Don’t Write Alone–Join the CTLR for a Write-In

You don’t have to write alone.

Please come for even a brief time to support the Writing Center, have snacks, win prizes, and write!

Wednesday, December 6 from 8-11 PM
at various locations (see list below under “How will this work?”)

The Writing Center at Middlebury College will join over 110 other colleges and universities from around the globe in sponsoring a Write-In between the weeks of 11/29-12/12. The Write-In fosters a writing community by setting aside time and space for students to write together. See: http://www.swarthmore.edu/writing/international-write for more information about this international initiative.

Why come to a Write-In?
Writing can be lonely, solitary work. Joining a group of other student writers can be motivating, productive, and calming.

How will this work?
Come to Davis Family Library 201 or to the Anderson Freeman Center any time between 8-11 PM. Stay from 15 minutes to 3 hours.
· Sign in to receive prizes
· If you want, we’ll give you a pen and a pad.
· Have some tasty snacks (hot chocolate, lamb kabobs, chicken crostini, cheese and crackers, lemon squares, rice krispie treats, and more!)
· You are welcome to stay in Lib 201 or in the AFC, or go to one of our two reserved quiet spaces: DFL 225D or DFL 230 (from 9:00 p.m.).
· A Peer Writing Tutor or a Research Librarian will be available to meet in DFL 201 or the AFC. Additional Writing Tutors will be available in DFL 225 (7:30-midnight) and in Ross 391 (9:00-11:00).

What kind of writing should I do?
· Academic writing (Start your end of the semester papers this week!) (We’ll provide some research tips.)
· Personal writing (No idea where to start? We’ll provide some writing prompts.)
· Brainstorm writing for fellowships, internships, and job applications (We have a handy worksheet to get you started.)

Who is making this great event happen?
· Middlebury College Writing Center
· Middlebury College Writing Program
· Middlebury College Center for Teaching, Learning & Research
· Middlebury College Davis Family Library
· Middlebury College Anderson Freeman Center

For more information on the Writing Center or organizing write-ins contact:

Mary Ellen Bertolini
Writing Center Director & Senior Lecturer, Writing
Center for Teaching, Learning, and Research
Davis Family Library 225E
Middlebury College
mbertoli@middlebury.edu
802.443.3182

Student Tutors Keep The CTLR Going

We at the CTLR know the tremendous impact of our students, so it is great to spread the word. See the feature “CTLR Tutors Keep the CTLR Going” in the latest edition of the Library’s Keywords.

CTLR student assistants. Back row (L to R): Sabina Haque, ’18; Sadie Dutton, ’19; and Tim Hansen, ’18. Front row (L to R): Julia Desmarais, ’18; Diana Carmona, ’18; Monica Kramer, ’18. Not pictured: Nina Colombotos, ’18. Photo credit: Rafael (Raf) Hernandez Cruz

30th Annual Teaching & Writing Retreat–Aug. 22-23, 2017

30th Annual Teaching & Writing Retreat: Slow Teaching
Tuesday and Wednesday, August 22 & 23
Mountain Top Inn & Resort, Chittenden, Vermont

Registration Now Open

Slow Teaching: What can you do to have students commit to learning?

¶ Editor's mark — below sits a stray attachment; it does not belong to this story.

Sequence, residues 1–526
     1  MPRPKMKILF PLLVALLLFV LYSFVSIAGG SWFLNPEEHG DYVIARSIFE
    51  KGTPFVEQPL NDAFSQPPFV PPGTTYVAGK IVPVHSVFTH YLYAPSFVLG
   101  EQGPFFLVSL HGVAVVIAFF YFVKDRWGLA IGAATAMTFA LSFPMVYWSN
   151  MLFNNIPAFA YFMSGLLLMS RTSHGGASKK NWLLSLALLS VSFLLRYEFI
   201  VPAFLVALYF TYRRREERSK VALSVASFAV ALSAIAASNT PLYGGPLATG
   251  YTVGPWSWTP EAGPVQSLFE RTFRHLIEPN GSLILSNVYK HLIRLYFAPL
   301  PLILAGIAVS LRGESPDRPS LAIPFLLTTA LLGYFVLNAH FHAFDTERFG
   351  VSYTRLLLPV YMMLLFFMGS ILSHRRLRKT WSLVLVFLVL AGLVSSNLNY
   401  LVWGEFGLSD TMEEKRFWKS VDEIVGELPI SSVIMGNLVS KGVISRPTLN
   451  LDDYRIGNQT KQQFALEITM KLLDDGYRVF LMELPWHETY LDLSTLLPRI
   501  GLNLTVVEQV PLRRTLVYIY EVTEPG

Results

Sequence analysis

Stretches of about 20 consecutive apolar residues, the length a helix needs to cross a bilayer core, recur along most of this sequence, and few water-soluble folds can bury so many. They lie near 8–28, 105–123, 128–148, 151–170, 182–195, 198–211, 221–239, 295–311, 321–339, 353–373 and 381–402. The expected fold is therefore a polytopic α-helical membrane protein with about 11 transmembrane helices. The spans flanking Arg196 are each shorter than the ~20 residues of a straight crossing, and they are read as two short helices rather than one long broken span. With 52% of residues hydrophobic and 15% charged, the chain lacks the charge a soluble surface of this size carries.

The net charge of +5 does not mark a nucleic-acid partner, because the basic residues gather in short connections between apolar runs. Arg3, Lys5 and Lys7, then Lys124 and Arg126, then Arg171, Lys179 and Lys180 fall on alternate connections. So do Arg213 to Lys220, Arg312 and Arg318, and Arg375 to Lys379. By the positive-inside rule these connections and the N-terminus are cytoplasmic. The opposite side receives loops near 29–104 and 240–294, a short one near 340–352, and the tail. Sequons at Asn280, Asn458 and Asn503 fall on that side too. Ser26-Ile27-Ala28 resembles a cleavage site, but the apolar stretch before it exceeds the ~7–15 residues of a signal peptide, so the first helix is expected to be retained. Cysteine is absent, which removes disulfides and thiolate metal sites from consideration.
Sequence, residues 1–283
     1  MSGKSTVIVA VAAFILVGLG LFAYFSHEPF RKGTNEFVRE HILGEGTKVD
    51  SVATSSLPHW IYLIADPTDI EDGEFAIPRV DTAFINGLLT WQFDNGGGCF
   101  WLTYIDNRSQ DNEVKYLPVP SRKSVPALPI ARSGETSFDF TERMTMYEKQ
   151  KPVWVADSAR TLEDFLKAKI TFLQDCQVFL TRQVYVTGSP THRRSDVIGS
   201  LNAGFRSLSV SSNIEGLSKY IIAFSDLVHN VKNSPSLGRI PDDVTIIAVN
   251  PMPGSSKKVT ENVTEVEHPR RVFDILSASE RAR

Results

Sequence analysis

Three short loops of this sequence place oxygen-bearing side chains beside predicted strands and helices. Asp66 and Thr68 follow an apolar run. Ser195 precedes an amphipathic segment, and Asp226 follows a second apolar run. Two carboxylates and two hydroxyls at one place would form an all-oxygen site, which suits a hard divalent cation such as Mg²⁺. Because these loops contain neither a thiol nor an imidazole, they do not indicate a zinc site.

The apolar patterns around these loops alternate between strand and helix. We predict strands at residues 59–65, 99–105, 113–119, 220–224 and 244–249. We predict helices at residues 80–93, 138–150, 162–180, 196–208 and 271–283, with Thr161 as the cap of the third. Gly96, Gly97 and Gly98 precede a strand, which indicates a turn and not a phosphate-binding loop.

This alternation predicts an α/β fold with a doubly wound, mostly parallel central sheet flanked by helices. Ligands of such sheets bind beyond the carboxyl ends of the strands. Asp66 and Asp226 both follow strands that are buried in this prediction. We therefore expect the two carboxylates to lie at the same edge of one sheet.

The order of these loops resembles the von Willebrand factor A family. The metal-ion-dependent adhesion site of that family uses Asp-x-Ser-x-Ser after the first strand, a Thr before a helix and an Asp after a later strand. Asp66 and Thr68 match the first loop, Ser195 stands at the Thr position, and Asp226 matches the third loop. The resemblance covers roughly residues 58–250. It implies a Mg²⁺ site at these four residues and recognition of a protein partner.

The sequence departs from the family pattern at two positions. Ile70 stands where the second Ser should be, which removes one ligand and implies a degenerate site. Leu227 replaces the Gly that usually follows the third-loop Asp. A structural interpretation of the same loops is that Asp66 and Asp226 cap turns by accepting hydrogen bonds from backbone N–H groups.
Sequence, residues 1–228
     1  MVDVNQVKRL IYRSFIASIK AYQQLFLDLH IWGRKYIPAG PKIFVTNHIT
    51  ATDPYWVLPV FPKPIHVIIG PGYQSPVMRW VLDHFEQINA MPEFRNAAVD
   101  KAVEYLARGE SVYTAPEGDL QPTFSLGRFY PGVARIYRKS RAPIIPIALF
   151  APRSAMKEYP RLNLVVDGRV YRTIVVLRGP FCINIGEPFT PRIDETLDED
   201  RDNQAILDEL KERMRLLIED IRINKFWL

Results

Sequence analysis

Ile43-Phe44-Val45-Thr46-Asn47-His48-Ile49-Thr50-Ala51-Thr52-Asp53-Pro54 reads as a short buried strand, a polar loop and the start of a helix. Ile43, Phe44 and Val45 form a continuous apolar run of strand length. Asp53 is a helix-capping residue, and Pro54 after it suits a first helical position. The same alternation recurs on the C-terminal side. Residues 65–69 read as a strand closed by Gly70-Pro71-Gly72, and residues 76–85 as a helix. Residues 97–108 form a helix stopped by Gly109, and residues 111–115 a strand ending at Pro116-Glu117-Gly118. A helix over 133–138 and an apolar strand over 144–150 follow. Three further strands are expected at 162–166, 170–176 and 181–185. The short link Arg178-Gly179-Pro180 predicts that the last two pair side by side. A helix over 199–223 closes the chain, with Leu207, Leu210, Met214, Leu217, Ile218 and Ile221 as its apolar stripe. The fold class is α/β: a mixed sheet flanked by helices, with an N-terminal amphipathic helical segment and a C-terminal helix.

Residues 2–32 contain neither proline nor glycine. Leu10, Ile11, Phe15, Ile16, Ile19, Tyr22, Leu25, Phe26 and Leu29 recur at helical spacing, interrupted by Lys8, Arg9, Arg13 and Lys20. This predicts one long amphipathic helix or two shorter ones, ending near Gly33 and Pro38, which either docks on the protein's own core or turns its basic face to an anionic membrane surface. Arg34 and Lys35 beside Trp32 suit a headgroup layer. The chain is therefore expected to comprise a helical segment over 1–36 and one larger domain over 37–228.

What kinds of discussions, presentations, research work and writing are you engaging students with to dig deeper into the subject at-hand? How do you measure student results? What are some questions and challenges you wish to share about your work with students?

Slow teaching is a practice and a political movement. The Slow Teaching movement grows from the slow food movement, which focuses on the importance of work-life balance (stress), challenges the industrialization and mass production of food with local solutions, and is a call to action that challenges corporate culture. These characteristics inform slow teaching whose principles and professional practices, say Maggie Berg and Barbara K. Seeber, in The Slow Professor: Challenging the Culture of Speed in the Academy, are ways “to alleviate work stress, preserve humanistic education, and resist the corporate university.”

We wish to inspire conversations about engaging students and each other; we wish to understand the challenges we face given the current context of higher education, balancing the local and the national, the political and the personal, and our institution’s goals with our individual visions as educators.

The retreat will feature plenary sessions on our theme as well as smaller workshops that will offer approaches to advance our students’ ability to write well, think creatively and critically, and safely navigate challenging ideas and perspectives.

More information about the retreat will be forthcoming; if you would like to register, you may do so using this link: http://sites.middlebury.edu/teachingandwriting/registration/

STEM Skills through Inquiry Instruction: A Workshop on Active Learning

Promoting Student STEM Skills Through Inquiry Instruction
A Hands-on In-depth Workshop on Active Learning

June 1-2, 2017

This day-and-a-half long workshop on Thursday and Friday will feature workshop leader Gordon Uno, a renowned educator and leader in promoting active learning. He presented at the AAC&U conference Transforming Undergraduate STEM Education last fall in Boston. Gordon managed to be both entertaining and educational while never losing sight of the practical realities of teaching. We were inspired to bring him here for this more detailed, hands-on workshop and share the “Gordon Experience” with other interested colleagues.